After spending time in Rio de Janeiro campaigning at the Rio+20 Earth Summit, which took place last month, Binyon travelled south to Buenos Aires where he will remain with the ship for the next week.
Binyon is a professional sea-farer who has been working on the oceans his whole life. He has held a captain’s licence for over 20 years. Before beginning work with Greenpeace he held a number of positions on various commercial ships, mainly tankers.
During his time at sea he began reading more and more on environmental issues “Eventually, I decided I had to get involved.” He began volunteering with Greenpeace five years ago.
Life aboard the Rainbow Warrior III is natural for Binyon. “I have been working at sea for 20 years, to me its natural.” However, it is different from his jobs on commercial ships. “On the tankers everyone is counting down the days until leave, here it’s different, people want to be on-board, and it’s an honour.”
On a typical day Binyon gets up very early- his first watch running from 4am until 8am. From 8am until 9am he usually gets a break for breakfast, then from 9am to 12pm it’s back to work looking after general maintenance. After that, he gets a break until 4pm when he begins his second watch running until about 8pm.
“It’s a ship that runs 24 hours a day, 365 days a year.” For Binyon it has been a very rewarding experience. “Everyone wants to be on-board. Sometimes you get heavy water, the worst in the Southern Ocean. People get nervous about that, the sea-sickness, then it’s a self-fulfilling prophecy.”
What Binyon enjoys most about his work is the people. “We have had Xena The Warrior Princess on-board, the Dalai Lama… Everyone who comes on gets a job, they are happy to be there, positive; it’s a real honour.”
Working on the ship, being an activist with Greenpeace, has its risks. “This ship is a symbol of those before it, and of the need for change. We are usually very well received. But it does have risks.” Binyon has been arrested once, in Israel. “That wasn’t great, not at all to be honest.” Otherwise it has always been positive. “We have a Quaker philosophy: to observe, and to take action when we absolutely have to, from there its non-violent, direct action.” As often seen in the media, this frequently becomes heated.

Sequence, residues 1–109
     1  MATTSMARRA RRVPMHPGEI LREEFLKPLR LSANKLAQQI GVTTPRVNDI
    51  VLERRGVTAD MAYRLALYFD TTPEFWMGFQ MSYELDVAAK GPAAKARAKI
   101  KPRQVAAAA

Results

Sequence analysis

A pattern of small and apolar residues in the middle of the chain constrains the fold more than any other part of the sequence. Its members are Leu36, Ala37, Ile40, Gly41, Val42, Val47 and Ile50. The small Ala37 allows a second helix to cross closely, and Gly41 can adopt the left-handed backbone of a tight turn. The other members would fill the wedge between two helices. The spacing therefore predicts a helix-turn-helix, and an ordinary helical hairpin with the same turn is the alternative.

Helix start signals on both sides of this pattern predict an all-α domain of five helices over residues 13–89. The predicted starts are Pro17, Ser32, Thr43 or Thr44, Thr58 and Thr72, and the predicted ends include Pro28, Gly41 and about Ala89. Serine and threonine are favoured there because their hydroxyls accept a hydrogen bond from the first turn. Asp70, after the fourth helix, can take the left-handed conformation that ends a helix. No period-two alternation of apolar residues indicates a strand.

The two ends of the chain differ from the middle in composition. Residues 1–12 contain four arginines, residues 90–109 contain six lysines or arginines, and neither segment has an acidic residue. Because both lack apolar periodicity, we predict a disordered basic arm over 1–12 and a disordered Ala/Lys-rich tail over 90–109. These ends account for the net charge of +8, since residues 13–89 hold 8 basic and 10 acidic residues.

In a week, Rainbow Warrior III sets sail again. The ship will cross the Pacific to South Africa, where it is going for maintenance. According to Binyon, “The ship is very new, the first of its kind really, I don’t think you will find anything like it on the ocean so we are still working some things out.”
Binyon will take leave here and go home to his wife with whom he has just moved to Spain. As for the future – “I want to stay on as long as I can, as long as I can be useful to the cause.”
Rainbow Warrior III will be open for tours Friday, Saturday, and Sunday, when there will also be activities for children. Find out more here.
The Rainbow Warrior III in Buenos Aires. Friday 20th and Saturday 21st July, 10am to 6pm; Sunday 22nd July, 10am to 4pm. Dársena Norte number 6 (Puerto Madero, next to Buquebús). See map here. Free admission. Bicycle parking available.